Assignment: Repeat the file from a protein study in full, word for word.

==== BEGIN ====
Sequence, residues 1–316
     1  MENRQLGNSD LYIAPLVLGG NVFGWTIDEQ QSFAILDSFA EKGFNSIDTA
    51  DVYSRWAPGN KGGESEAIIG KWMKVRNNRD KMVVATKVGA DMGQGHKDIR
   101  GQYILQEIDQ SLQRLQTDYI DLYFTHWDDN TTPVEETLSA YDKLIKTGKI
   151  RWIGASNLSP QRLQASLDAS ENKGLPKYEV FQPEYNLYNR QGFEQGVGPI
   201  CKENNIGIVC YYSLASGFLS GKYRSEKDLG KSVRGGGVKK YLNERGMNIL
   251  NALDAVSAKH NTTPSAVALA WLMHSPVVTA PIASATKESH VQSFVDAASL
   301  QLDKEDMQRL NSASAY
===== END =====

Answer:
Sequence, residues 1–316
     1  MENRQLGNSD LYIAPLVLGG NVFGWTIDEQ QSFAILDSFA EKGFNSIDTA
    51  DVYSRWAPGN KGGESEAIIG KWMKVRNNRD KMVVATKVGA DMGQGHKDIR
   101  GQYILQEIDQ SLQRLQTDYI DLYFTHWDDN TTPVEETLSA YDKLIKTGKI
   151  RWIGASNLSP QRLQASLDAS ENKGLPKYEV FQPEYNLYNR QGFEQGVGPI
   201  CKENNIGIVC YYSLASGFLS GKYRSEKDLG KSVRGGGVKK YLNERGMNIL
   251  NALDAVSAKH NTTPSAVALA WLMHSPVVTA PIASATKESH VQSFVDAASL
   301  QLDKEDMQRL NSASAY